I carried on digitally, experimenting with lm and motion, never really giving analog a thought. It was so easy to grab a cool image off a website and chop it up in photoshop, Bang! About an hour later and there it was. Even if the idea was good, it kind of started to feel a bit cheap and after a while I just fell out of love with the process.
Analog has reignited my passion for collage, and thrown a whole new light on it. I love the collecting aspect of it. Physically hunting through smelly old bookshops, depressing charity stands and muddy boot fairs. When you eventually nd that jackpot image, it’s so bloody rewarding. I tend to have an idea of what I’m looking for but always leave with a handful of something else entirely, and some new ideas.
For me now, it’s all about using second hand stuff. I like the idea of bringing to life an old dusty porn mag that’s been sitting in an attic for 30 years, and sticking it on the wall. With the time invested in collecting, then getting hands on with the cutting and sticking, the whole analog process of creating is more challenging & rewarding. The work feels like it has more value, more love, and actually makes me feel like an artist – not just someone who’s trying to be one.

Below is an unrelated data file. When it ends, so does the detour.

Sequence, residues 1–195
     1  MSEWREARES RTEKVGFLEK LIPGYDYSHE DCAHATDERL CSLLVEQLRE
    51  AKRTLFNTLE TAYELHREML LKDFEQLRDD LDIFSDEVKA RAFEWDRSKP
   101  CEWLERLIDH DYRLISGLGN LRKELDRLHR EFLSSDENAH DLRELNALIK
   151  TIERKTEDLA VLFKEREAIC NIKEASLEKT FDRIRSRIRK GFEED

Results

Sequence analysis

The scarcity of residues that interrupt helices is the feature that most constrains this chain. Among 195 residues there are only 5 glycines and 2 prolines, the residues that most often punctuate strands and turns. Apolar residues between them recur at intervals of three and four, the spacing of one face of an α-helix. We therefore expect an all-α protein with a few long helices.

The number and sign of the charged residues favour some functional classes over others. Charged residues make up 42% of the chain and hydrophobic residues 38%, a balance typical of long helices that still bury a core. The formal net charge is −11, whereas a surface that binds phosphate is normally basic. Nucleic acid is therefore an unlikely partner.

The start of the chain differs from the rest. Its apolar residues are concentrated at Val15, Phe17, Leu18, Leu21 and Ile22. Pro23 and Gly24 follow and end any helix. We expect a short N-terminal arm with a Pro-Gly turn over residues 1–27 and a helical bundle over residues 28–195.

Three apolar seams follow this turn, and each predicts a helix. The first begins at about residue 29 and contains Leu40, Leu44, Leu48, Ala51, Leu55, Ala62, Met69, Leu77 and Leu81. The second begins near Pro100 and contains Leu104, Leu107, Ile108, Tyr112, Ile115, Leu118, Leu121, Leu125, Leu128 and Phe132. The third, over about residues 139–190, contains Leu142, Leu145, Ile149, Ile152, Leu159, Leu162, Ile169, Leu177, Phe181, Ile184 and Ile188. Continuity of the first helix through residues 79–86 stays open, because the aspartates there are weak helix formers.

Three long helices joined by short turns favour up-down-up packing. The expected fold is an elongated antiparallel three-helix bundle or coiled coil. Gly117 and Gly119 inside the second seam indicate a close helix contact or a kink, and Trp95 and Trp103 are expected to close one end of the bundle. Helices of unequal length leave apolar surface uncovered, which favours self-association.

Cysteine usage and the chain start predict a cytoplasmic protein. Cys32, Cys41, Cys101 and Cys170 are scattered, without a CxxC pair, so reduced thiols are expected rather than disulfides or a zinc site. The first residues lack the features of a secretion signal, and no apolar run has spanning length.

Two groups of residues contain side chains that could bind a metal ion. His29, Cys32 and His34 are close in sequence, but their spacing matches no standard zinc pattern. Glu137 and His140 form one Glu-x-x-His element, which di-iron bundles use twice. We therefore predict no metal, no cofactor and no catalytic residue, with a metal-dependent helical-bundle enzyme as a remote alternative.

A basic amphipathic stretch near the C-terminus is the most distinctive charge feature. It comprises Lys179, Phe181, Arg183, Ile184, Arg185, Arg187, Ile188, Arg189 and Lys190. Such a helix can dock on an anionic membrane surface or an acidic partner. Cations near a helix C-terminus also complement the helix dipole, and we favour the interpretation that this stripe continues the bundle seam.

6) How do you spend your downtime? My downtime is collage. Collecting, cutting and sticking. Other activities include arguing with my beautiful wife, trying to get my daughter to sleep and picking up dog shit.
7) Three tips for someone starting out in collage?
If you want to get into analog, some good advice is to start a collection of photos and imagery you love. Books, mags, your own photos, posters, toilet paper, whatever! If you have a good collection and style in mind, the rest is easy.
Develop your style by surrounding yourself with inspiration. It’s the best way to grow and develop. I’ve always thought that a designer is only as good as his inspiration.
Enjoy it, have fun and most importantly do it for yourself. The main reason I love it so much is because I’m in control, where as 5 days a weeks I’m working for other people.
8) Up and coming shows or projects we should know about?
I feel I need to grow, gain experience as an analog artist and build a good body of work before I plan any shows, gradually getting there though.
I’m currently building website, which will be live in about a month. Looking forward to that because I’ll be able to display all my uncensored work. If anyone is interested, I will post
it up on insta when it goes live, and I’d really appreciate people taking the time to have a browse.
Thanks to Kubi and the Sydney Collage Society for asking me to do this. I still feel pretty new to the field, so it’s been an honour and I’m very flattered to be featured.
PEACE & LOVE!
Artworks (top to bottom)
'Gone With The Wind' Digital collage
'Rockpool I' Analog collage
'Spin III' Analog collage
'Super Hands' Analog collage
'Disco' Analog collage
'Power To The People' Digital collage
'Room With A View' Analog collage
'Cupcake' Analog collage